We have an upcoming election day in Texas on November 2nd where you will see 8 state propositions on the ballot, each a proposed amendment to the Texas Constitution and voters can vote for or against each of them.

Because the state constitution cannot be amended by citizen-led ballot initiatives or petitions, all of the potential amendments originated in the Texas Legislature. Therefore, Texans vote on amendments in the fall of odd-numbered years, following the spring legislative session.

Below is a list of the propositions to be voted on this time around:

Proposition 1 (HJR 143)

This amendment would add professional rodeo charitable foundations that are sanctioned by the Professional Rodeo Cowboy Association or the Women's Professional Rodeo Association to the list of similar foundations for other professional sports associations that are allowed to hold raffles. If approved, the raffles may be held at rodeos in Texas.

Proposition 2 (HJR 99)

Currently, the Texas Constitution allowed the Legislature to authorize cities to issue bonds or notes to pay for the development or redevelopment of transportation or infrastructure in "unproductive, underdeveloped or blighted areas." This amendment would add counties to the political entities that can issue bonds or notes for that purpose and to pledge increases in property tax revenues to repay those bonds or notes. However, if a county issues bonds for transportation improvements, the county may not allocate more than 65% of the property tax increases annually to repay the bonds nor use the bond proceeds to finance toll road construction, operation, maintenance or right-of-way acquisition.

Proposition 3 (SJR 27)

This amendment would add a new section to Article 1 of the Texas Constitution, or the "Texas Bill of Rights," and would prohibit state or local governments from prohibiting or limiting religious services. This proposed amendment is in response to certain restrictions put in place during the COVID-19 pandemic.

Proposition 4 (SJR 47)
This amendment would change the eligibility requirements for judges to run for office. Currently, a candidate for the Supreme Court, Court of Criminal Appeals and regional Courts of Appeals must have been a practicing lawyer for at least 10 years or a practicing lawyer or judge of a court of record for a combined total of 10 years. This amendment would add the requirement that the candidate be licensed in the State of Texas for at least 10 years and defines the court of record as a state court or county court established by the Legislature. Additionally, during the 10-year period, the candidate's law license must not have been revoked or suspended. This amendment would add the requirement that a district judge candidate be a Texas resident and would change the four-year requirement to eight years. Again, during that period, the candidate's license must not have been revoked or suspended.

Proposition 5 (HJR 165)

Right now, the State Commission on Judicial Conduct accepts complaints against, and investigates and takes actions concerning, alleged misconduct by judges who are currently in office. This amendment would extend that power to judicial candidates as well.

Proposition 6 (SJR 19)

During the COVID-19 pandemic, family members and other caregivers were restricted from access to nursing homes and similar facilities. This amendment would allow a resident of such a facility to name a person as their essential caregiver and visits from that caregiver would become the resident's constitutional right.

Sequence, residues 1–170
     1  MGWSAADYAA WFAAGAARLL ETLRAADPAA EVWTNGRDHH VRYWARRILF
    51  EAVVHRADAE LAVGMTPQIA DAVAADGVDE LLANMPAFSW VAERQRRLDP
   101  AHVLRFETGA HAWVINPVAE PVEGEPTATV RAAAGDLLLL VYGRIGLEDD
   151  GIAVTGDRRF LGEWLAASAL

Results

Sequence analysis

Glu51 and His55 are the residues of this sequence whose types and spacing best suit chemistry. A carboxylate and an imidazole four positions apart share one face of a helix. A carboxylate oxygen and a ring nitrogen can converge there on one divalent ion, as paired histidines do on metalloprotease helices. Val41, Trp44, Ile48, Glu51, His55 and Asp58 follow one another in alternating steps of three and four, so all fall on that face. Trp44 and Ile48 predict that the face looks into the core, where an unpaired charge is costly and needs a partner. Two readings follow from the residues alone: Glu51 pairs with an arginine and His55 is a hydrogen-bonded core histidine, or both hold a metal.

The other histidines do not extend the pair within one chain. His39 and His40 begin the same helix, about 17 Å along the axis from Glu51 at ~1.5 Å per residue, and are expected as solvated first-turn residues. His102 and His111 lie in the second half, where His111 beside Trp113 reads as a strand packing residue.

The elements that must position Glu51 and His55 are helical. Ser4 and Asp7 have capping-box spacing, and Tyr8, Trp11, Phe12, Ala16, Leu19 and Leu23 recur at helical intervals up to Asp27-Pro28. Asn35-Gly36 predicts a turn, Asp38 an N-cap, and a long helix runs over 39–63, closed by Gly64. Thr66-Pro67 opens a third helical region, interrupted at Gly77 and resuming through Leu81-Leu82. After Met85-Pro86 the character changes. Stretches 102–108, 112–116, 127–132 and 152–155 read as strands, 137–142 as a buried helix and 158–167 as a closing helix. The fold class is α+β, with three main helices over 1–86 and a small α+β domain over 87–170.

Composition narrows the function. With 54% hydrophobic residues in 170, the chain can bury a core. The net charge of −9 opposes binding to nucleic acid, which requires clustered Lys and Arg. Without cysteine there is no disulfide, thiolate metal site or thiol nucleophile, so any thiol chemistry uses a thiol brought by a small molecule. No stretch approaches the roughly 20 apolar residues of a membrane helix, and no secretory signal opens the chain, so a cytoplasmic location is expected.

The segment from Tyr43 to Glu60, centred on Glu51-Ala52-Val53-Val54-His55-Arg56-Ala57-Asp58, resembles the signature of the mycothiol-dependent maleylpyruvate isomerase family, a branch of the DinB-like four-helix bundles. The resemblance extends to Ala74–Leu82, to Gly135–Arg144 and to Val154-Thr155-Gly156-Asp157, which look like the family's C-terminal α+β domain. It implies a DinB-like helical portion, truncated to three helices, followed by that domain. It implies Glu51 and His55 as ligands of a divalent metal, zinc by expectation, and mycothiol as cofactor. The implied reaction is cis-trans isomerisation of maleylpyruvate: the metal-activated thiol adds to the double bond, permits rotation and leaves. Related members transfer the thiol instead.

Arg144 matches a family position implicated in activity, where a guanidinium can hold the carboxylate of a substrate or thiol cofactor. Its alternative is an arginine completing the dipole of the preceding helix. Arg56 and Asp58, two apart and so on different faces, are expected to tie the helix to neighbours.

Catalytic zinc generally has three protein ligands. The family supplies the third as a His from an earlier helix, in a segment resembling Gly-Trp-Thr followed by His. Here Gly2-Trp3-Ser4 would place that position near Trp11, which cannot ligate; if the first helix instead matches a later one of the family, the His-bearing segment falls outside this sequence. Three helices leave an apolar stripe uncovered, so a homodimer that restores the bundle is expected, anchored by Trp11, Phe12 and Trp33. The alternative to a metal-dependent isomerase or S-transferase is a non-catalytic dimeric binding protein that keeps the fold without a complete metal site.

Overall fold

Proposition 7 (HJR 125)

If passed, this proposition would update the Texas Constitution to allow surviving spouses of disabled persons a limit on school district property tax. Currently, the limitation is provided to homeowners over the age of 65 and to disabled persons. Under the proposed amendment, the spouse must be at least 55 when the disabled person died and still live in the home to be eligible.

Proposition 8 (SJR 35)

At this time, the surviving spouse of a military member who is killed "in action" is entitled to an exemption from property taxes. The exemption is for the property tax on the market value of the spouse's residence homestead if they have not remarried. This amendment would expand eligibility for the same exemption to spouses of members of the military who are killed "in the line of duty," rather than "in action." A death "in the line of duty" means their death was due to injuries not related to combat but still sustained as a result of their military duties.

______________________________________________________________________

Here is the voting information you need to know. In-person early voting for the Nov. 2 election will run from Monday, Oct. 18, to Friday, Oct. 29. The last day to apply for a mail-in ballot is Friday, Oct. 22. Mail-in ballots must be received by 7 p.m. on Nov. 2 or 5 p.m. on Nov. 3 if the envelope was postmarked by 7 p.m. on Election Day.

On Election Day, polling locations will be open from 7 a.m. to 7 p.m. For early voters, polls are open at the same time Monday through Saturday and noon to 6 p.m. on Sunday.

For more information, click here.

Get our free mobile app

7 Weird Texas Laws That Actually Exist

There are plenty of lists of 'crazy Texas laws' that you can find online. Unfortunately, a lot of those 'laws' don't actually exist, or they were appealed a long time ago. However, there are plenty of laws that do actually exist and seem pretty silly. Some of them are very self-explanatory, while others are oddly specific. These are a few weird Texas laws that actually exist.

Beware of These 50 Jobs That Might Vanish in the Next 50 Years